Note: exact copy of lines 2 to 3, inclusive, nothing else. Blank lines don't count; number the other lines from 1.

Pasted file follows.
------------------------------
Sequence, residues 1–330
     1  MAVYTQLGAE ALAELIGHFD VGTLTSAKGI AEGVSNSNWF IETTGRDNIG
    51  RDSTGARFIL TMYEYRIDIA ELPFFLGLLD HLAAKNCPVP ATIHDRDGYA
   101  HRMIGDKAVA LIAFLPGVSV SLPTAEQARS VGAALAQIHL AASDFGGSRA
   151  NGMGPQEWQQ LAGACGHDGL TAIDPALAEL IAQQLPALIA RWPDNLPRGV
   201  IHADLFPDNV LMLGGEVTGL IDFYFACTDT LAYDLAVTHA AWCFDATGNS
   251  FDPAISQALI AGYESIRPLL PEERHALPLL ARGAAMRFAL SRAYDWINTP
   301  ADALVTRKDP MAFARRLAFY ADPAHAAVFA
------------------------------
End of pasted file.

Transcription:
     1  MAVYTQLGAE ALAELIGHFD VGTLTSAKGI AEGVSNSNWF IETTGRDNIG
    51  RDSTGARFIL TMYEYRIDIA ELPFFLGLLD HLAAKNCPVP ATIHDRDGYA